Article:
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Francesco Cavalli’s La Calisto was the composer’s ﬁfteenth opera, and the ninth to a libretto by Giovanni Faustini (1615-1651). First performed at the Teatro Sant’Apollinaire in Venice on 28th November 1651, the opera by might have been sub-titled ‘Gods Behaving Badly’, so debauched are the deities’ dalliances and deviations, so egotistical their deceptions.
New from Oehms Classics, Walter Braunfels Orchestral Songs Vol 1. Luxury singers - Valentina Farcas, Klaus Florian Vogt and Michael Volle, with the Staatskapelle Weimar, conducted by Hansjörg Albrecht.
Edouard Lalo (1823-92) is best known today for his instrumental works: the
Symphonie espagnole (which is, despite the title, a five-movement
violin concerto), the Symphony in G Minor, and perhaps some movements from his
ballet Namouna, a scintillating work that the young Debussy adored.
Two new recordings from highly acclaimed specialists Opera Rara -
Gounod La Colombe and Donizetti Le Duc d'Albe.
It is not often that a major work by a forgotten composer gets rediscovered
and makes an enormously favorable impression on today’s listeners. That has
happened, unexpectedly, with Herculanum, a four-act grand opera by
Félicien David, which in 2014 was recorded for the first time.
This recording, made in the Adrian Boult Hall at the Birmingham Conservatoire of Music in June 2014, is the fourth disc in SOMM’s series of recordings with Paul Spicer and the Birmingham Conservatoire Chamber Choir.
Félicien David’s intriguing Le désert, for vocal and orchestral forces plus narrator, was widely performed in its own day, then disappeared from the performing repertory for nearly a century.
This well-packed disc is a delight and a revelation. Until now, even the
most assiduous record collector had access to only a few of the nearly 100
songs published by Félicien David (1810-76), in recordings by such notable
artists as Huguette Tourangeau, Ursula Mayer-Reinach, Udo Reinemann, and Joan
Sutherland (the last-mentioned singing the duet “Les Hirondelles”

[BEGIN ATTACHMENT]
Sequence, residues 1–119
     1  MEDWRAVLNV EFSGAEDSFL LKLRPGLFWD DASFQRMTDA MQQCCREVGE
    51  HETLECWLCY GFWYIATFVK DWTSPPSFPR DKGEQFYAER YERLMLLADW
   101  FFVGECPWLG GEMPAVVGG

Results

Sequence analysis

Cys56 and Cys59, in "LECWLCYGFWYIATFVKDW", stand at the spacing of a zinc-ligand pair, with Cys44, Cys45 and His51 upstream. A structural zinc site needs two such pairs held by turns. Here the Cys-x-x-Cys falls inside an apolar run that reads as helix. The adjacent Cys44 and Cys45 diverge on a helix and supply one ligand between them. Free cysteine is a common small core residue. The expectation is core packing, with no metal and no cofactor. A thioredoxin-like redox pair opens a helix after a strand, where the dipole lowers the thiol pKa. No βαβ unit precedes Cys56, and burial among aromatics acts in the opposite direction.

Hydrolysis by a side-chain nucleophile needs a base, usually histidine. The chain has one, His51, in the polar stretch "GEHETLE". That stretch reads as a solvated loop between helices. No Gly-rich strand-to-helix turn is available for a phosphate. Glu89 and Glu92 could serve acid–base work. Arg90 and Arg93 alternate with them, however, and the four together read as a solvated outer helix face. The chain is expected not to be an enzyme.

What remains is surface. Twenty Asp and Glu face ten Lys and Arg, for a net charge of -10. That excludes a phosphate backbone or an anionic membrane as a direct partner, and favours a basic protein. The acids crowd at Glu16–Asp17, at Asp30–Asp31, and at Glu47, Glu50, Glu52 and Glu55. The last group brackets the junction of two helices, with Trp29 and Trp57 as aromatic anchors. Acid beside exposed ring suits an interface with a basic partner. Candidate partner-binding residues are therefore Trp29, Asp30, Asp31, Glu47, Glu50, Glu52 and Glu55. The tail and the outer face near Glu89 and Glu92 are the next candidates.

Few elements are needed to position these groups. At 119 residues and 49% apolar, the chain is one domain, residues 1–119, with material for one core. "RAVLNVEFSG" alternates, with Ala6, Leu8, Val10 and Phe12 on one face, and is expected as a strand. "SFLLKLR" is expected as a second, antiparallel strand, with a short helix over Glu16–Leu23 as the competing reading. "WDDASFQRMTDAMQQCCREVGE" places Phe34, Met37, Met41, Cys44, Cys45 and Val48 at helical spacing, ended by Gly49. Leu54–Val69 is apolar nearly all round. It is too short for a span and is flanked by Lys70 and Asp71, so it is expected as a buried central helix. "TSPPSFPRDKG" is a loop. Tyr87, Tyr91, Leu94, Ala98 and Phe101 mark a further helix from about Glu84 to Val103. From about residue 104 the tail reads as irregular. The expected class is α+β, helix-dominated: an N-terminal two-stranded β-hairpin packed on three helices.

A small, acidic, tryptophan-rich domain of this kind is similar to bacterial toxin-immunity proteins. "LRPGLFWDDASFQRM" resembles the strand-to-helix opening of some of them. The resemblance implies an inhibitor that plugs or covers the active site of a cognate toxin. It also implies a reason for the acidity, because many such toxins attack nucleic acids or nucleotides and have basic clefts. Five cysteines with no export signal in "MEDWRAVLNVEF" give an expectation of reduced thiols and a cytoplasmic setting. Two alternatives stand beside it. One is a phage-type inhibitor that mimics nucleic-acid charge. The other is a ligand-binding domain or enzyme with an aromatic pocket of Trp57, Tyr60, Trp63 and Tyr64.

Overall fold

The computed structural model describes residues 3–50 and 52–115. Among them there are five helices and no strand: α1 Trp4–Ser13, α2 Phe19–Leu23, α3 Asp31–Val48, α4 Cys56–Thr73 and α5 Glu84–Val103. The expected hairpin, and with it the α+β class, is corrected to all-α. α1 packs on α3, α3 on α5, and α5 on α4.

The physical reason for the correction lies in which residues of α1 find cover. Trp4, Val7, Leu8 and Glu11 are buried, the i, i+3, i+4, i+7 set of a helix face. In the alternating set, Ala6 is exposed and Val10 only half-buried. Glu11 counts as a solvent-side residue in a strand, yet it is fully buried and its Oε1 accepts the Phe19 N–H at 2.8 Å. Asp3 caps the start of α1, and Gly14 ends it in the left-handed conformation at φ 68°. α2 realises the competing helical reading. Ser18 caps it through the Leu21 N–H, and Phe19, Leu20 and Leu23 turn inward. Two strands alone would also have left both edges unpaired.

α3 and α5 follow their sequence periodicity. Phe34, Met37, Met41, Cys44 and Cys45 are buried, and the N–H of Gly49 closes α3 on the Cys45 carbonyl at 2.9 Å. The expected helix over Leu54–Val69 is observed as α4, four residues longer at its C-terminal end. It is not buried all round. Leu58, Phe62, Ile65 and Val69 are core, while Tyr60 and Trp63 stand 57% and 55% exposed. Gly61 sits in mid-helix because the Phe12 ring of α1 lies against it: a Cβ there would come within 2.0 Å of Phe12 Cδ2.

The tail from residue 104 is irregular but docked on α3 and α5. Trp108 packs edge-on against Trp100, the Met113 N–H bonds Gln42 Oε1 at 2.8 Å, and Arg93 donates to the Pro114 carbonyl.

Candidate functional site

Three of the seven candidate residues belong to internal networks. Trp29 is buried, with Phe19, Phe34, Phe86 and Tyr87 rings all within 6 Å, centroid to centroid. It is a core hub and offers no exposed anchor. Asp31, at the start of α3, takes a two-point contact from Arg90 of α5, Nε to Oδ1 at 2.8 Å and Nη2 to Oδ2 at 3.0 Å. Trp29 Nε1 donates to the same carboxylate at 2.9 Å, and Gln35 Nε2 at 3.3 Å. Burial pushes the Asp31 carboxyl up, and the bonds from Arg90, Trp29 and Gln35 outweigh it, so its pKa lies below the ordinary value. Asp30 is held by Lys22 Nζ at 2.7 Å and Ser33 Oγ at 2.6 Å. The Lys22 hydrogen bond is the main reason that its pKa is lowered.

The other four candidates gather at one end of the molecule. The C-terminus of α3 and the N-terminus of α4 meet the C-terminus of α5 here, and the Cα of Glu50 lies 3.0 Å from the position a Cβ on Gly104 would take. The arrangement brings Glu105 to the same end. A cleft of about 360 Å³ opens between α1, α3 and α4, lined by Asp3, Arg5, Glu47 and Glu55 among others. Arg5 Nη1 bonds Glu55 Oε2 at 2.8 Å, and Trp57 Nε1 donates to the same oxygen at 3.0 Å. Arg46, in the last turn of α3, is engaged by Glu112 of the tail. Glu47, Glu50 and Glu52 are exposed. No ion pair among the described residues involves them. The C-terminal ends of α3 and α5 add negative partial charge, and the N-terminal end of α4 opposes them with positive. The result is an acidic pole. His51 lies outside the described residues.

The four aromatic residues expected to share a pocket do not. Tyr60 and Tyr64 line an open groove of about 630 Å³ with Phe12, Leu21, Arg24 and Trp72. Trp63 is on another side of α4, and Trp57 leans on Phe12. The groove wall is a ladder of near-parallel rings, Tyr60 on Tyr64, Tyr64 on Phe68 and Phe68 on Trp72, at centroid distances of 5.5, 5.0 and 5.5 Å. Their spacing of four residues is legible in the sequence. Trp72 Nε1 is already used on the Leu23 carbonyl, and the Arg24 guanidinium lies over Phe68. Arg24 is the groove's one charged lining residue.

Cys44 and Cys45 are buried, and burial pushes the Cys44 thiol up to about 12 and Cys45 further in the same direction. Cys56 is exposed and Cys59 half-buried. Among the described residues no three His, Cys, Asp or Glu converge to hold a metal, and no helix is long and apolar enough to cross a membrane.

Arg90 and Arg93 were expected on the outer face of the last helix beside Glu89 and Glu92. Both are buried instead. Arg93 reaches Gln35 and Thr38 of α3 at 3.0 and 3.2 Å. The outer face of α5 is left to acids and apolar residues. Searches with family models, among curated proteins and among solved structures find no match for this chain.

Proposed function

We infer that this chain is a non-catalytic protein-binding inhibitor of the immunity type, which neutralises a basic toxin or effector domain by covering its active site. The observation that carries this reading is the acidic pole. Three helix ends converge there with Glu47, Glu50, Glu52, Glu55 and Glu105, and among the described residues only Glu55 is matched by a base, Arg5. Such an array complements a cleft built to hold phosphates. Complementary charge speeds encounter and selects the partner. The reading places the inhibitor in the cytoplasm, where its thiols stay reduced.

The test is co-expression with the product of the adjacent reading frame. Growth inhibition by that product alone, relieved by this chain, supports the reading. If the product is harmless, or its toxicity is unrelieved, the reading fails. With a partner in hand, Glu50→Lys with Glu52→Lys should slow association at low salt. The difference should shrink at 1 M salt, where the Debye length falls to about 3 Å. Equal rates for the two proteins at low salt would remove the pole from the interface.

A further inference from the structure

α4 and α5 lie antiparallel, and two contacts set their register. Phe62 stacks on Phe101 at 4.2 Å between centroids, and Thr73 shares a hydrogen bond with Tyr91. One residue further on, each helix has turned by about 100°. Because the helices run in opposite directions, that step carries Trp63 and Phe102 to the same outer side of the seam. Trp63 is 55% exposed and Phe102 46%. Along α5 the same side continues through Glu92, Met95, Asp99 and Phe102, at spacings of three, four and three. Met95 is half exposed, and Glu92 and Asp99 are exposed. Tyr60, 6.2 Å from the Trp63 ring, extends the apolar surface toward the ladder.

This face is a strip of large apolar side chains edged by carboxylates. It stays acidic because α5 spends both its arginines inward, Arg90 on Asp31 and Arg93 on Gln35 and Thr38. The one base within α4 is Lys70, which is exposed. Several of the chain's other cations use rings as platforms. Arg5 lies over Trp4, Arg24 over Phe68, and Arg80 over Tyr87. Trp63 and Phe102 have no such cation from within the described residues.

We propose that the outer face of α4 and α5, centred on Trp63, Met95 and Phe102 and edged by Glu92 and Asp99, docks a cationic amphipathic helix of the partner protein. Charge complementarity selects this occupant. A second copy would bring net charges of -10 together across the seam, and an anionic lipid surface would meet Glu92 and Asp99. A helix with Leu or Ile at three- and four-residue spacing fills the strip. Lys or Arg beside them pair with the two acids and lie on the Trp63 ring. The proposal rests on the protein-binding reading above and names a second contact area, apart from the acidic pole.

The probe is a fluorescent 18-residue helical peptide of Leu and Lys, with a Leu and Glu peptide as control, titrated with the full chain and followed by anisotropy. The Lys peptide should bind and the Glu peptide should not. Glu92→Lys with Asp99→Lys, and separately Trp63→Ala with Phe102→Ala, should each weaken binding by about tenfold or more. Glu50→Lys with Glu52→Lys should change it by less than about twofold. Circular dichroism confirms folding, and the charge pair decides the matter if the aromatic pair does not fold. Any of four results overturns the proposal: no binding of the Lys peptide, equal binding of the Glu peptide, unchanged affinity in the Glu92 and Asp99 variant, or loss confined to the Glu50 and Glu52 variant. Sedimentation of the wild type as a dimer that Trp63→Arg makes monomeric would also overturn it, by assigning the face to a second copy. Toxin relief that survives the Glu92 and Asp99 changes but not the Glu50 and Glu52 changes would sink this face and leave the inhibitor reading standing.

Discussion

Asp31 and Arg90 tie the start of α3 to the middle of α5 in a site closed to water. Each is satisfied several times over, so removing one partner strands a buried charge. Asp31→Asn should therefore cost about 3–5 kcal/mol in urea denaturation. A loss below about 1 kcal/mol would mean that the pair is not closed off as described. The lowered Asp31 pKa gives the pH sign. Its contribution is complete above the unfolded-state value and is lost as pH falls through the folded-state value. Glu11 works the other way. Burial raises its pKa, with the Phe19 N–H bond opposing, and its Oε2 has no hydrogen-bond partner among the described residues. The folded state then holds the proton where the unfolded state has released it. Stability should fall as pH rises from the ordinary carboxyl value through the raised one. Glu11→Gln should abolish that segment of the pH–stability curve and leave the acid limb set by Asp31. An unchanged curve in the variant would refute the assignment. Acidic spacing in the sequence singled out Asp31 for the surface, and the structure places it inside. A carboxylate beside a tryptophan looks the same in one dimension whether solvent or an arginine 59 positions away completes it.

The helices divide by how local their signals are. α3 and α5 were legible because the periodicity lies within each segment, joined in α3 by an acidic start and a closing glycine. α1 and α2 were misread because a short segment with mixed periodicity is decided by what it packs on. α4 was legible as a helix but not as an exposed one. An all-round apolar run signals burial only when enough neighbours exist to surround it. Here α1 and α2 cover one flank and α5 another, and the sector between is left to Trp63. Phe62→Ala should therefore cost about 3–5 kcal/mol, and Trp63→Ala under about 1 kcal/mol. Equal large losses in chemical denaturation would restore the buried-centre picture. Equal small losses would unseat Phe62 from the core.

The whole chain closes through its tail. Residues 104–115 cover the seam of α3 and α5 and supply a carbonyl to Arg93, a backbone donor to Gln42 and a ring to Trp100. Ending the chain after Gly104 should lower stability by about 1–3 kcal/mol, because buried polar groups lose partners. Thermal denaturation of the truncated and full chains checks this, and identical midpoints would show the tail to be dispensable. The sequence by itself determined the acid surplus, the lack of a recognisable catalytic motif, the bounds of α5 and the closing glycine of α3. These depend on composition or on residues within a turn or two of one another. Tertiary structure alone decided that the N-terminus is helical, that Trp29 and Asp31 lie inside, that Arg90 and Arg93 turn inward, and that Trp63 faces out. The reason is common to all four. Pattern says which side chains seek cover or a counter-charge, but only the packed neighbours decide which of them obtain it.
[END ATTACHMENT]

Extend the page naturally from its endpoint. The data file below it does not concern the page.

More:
This new release of John Taverner’s virtuosic and florid Missa
Corona spinea (produced by Gimell Records) comes two years after The
Tallis Scholars’ critically esteemed recording of the composer’s
Missa Gloria tibi Trinitas, which topped the UK Specialist Classical
Album Chart for 6 weeks, and with which the ensemble celebrated their
40th anniversary. The recording also includes Taverner’s two
settings of Dum transisset Sabbatum.
Sounds swirl with an urgent emotionality and meandering virtuosity on Jonas Kaufmann’s new Puccini album—the “real one”, according
to Kaufmann, whose works were also released earlier this year on Decca records, allegedly without his approval.
Marion Cotillard and Marc Soustrot bring the drama to the sweeping score of Arthur Honegger’s Jeanne d’Arc au
bûcher, an adaptation of the Trial of Joan of Arc
Stephen Paulus provided the musical world, and particularly the choral world, with music both provocative and pleasing through a combination of lyricism and a modern-Romantic tonal palette.
Richard Taruskin entitled his 1988 polemical critique of the notion of ‘authenticity’ in the context of historically informed performance, ‘The Pastness of the Present and the Presence of the Past’.
As the editor of Opera magazine, John Allison, notes in his editorial in the June issue, Donizetti fans are currently spoilt for choice, enjoying a ‘Donizetti revival’ with productions of several of the composer’s lesser known works cropping up in houses around the world.